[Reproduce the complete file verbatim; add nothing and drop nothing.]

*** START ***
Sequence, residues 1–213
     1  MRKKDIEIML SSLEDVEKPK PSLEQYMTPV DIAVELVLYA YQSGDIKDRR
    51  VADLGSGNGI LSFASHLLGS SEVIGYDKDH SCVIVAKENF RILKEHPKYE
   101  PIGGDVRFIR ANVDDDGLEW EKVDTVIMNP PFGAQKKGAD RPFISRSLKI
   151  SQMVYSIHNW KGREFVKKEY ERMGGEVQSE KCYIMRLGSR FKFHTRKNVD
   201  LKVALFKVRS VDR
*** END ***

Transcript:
Sequence, residues 1–213
     1  MRKKDIEIML SSLEDVEKPK PSLEQYMTPV DIAVELVLYA YQSGDIKDRR
    51  VADLGSGNGI LSFASHLLGS SEVIGYDKDH SCVIVAKENF RILKEHPKYE
   101  PIGGDVRFIR ANVDDDGLEW EKVDTVIMNP PFGAQKKGAD RPFISRSLKI
   151  SQMVYSIHNW KGREFVKKEY ERMGGEVQSE KCYIMRLGSR FKFHTRKNVD
   201  LKVALFKVRS VDR